Nutter gives blue-collar union 2 weeks to reach deal

Philadelphia Mayor Michael Nutter (left) and Herman "Pete" Matthews (right), president of AFSCME District Council 33. (File photos)
Philadelphia Mayor Michael Nutter (left) and Herman "Pete" Matthews (right), president of AFSCME District Council 33. (File photos)
Posted: January 22, 2013

BEFORE THE Nutter administration gave its "final offer" to the city's blue-collar union last week, it appeared as though the second-term mayor might simply be running out the clock on his stalemate with the city's municipal unions, happy to pass the thorny issue of renewing contracts that expired in 2009 on to his successor.

Now, at least in the case of District Council 33, it's increasingly clear that the party that's more content with the status quo is the union.

Nutter's team on Wednesday proposed a contract with pay raises in exchange for possible furlough days, a less-generous pension system and changes to health-care benefits. The mayor's negotiators said DC33, part of the American Federation of State, County and Municipal Employees, had two weeks to act on the offer before his administration takes some unspecified action that could mean unilaterally imposing his contract or seeking court intervention.

DC33 president Pete Matthews, interviewed at a high-profile rally Saturday that drew thousands of union workers and supporters to Independence Mall, indicated that he knows what his union has to do to prevent the administration from imposing its own terms - a legally questionable move, thanks to a 1993 ruling against then-Mayor Ed Rendell's attempt to end a stalemate with Housing Authority workers.

Imposing terms, Matthews said, is illegal in Pennsylvania.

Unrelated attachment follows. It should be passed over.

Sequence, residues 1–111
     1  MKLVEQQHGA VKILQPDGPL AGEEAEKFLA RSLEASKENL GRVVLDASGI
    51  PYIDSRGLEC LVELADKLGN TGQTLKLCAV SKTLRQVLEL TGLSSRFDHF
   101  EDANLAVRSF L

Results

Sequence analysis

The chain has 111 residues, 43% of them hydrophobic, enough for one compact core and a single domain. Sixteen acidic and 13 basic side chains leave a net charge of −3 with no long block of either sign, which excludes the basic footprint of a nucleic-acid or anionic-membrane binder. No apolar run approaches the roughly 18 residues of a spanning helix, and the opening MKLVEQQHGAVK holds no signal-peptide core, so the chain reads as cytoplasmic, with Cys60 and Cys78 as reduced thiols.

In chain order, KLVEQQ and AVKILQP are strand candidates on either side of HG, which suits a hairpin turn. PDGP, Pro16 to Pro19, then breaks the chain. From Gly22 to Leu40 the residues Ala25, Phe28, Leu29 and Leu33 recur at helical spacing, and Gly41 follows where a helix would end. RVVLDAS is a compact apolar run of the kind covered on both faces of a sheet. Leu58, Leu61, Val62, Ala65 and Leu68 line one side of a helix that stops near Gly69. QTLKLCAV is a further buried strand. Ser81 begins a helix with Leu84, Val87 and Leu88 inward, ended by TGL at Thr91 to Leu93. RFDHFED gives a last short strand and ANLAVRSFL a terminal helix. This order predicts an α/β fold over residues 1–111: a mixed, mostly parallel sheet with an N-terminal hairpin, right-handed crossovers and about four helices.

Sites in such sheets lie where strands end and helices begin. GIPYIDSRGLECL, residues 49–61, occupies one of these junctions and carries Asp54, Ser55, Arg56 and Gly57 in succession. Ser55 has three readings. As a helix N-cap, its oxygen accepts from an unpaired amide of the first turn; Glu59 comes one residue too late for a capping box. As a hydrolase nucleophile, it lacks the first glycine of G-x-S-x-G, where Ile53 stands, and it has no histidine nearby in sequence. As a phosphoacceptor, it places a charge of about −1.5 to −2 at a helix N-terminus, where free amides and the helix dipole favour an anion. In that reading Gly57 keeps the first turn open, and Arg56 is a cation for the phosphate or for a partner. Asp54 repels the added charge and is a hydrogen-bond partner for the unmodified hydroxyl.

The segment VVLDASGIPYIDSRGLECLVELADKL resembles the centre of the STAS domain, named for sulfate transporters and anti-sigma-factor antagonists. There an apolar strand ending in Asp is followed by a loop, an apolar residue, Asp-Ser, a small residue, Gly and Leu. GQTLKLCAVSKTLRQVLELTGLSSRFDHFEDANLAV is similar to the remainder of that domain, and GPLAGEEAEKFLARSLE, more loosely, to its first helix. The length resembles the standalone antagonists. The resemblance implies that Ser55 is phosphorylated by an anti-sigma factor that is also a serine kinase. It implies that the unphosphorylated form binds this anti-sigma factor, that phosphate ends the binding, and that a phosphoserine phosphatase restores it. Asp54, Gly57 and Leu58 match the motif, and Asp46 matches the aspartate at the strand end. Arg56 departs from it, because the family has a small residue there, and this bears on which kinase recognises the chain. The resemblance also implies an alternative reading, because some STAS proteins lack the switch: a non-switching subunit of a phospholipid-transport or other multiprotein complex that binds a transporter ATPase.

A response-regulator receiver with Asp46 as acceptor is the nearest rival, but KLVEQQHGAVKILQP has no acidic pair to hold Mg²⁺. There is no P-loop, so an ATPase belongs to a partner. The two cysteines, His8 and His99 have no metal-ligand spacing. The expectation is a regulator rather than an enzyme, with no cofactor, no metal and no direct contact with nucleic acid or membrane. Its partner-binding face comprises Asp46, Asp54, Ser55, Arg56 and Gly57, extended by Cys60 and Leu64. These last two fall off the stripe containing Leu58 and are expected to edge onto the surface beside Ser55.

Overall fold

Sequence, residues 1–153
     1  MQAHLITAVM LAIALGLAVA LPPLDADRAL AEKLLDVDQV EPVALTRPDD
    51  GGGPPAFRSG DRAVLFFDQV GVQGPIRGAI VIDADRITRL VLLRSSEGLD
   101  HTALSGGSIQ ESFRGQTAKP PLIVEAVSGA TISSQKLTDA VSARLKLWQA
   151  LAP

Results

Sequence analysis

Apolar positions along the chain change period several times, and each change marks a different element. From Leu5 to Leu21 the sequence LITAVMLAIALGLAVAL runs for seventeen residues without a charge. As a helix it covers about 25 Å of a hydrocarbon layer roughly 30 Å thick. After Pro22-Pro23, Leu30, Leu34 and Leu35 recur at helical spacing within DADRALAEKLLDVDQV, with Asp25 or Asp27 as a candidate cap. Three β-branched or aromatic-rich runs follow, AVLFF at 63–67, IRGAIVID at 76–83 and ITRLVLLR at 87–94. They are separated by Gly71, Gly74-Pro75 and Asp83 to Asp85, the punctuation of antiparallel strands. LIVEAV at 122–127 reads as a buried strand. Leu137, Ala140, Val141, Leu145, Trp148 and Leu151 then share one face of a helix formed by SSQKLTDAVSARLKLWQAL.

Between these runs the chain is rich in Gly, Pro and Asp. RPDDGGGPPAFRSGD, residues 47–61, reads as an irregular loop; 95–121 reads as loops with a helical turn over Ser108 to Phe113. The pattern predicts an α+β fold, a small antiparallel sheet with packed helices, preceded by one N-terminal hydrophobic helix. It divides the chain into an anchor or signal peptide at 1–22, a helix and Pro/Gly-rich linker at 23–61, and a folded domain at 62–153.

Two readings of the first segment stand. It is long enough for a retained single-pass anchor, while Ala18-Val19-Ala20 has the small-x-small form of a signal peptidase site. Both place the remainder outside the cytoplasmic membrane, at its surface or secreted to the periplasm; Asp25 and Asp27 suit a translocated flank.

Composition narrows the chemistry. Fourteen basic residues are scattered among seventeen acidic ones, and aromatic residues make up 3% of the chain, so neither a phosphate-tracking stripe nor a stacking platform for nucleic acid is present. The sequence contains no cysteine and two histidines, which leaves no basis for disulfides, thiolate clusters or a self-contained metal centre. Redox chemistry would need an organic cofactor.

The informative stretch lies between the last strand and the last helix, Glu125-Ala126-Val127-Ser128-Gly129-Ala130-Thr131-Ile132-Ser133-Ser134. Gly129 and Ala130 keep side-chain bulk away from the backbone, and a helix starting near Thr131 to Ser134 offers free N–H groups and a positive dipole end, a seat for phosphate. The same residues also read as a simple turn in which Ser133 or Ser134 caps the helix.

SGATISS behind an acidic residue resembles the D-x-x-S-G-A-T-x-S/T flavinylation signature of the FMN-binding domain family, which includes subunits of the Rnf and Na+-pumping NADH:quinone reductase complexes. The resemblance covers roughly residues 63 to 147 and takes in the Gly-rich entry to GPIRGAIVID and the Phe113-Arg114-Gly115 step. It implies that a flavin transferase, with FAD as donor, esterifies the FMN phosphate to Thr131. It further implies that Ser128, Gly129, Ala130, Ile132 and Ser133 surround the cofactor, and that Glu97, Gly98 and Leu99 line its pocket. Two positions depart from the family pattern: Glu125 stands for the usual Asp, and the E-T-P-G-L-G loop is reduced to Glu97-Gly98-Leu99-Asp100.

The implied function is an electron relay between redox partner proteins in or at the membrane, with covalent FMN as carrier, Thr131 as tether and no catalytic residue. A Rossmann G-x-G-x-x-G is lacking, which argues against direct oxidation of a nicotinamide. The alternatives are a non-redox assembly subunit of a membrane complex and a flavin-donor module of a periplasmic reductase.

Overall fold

"As of now, yes. Yes, it would be illegal," he said.

Asked if his wording meant that things could change, Matthews hit the nail on the head: "Not as long as we keep negotiating." So if DC33 wants to stop Nutter from imposing terms, its workers have to keep working and its negotiators have to keep negotiating.

Matthews said he will counter Wednesday's offer with a proposal of his own within the next two weeks but does not expect things to end anytime soon - even after four years of back-and-forth.

"We got a lot of things to negotiate about," Matthews said. "We always have counteroffers. Our problem is we go in and we continue to negotiate, but he wants to negotiate for things that we already have. We'll talk about that if he wants to continue to talk about it. That's fine."

Matthews denies that the union is now the one seeking to run out the clock. But his comments in the speech Saturday highlighted just how little he is interested in negotiating.

"I'm not giving a damn thing back," Matthews shouted, spawning a chant of "No givebacks" from the crowd. "Everybody in this union, if you ain't on board, you've got to get on board because I ain't giving nothing back."


On Twitter: @SeanWalshDN

Blog: PhillyClout.com

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